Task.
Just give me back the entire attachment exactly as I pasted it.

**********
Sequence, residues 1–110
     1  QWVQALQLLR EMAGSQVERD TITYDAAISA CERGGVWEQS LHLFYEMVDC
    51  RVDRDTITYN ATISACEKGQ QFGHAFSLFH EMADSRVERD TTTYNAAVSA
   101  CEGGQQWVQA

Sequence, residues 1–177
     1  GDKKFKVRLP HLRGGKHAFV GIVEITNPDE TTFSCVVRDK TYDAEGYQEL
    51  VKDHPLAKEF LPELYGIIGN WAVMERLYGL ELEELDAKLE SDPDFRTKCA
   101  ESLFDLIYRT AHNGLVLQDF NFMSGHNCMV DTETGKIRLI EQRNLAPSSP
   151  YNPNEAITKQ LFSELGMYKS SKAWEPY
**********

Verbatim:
Sequence, residues 1–110
     1  QWVQALQLLR EMAGSQVERD TITYDAAISA CERGGVWEQS LHLFYEMVDC
    51  RVDRDTITYN ATISACEKGQ QFGHAFSLFH EMADSRVERD TTTYNAAVSA
   101  CEGGQQWVQA

Sequence, residues 1–177
     1  GDKKFKVRLP HLRGGKHAFV GIVEITNPDE TTFSCVVRDK TYDAEGYQEL
    51  VKDHPLAKEF LPELYGIIGN WAVMERLYGL ELEELDAKLE SDPDFRTKCA
   101  ESLFDLIYRT AHNGLVLQDF NFMSGHNCMV DTETGKIRLI EQRNLAPSSP
   151  YNPNEAITKQ LFSELGMYKS SKAWEPY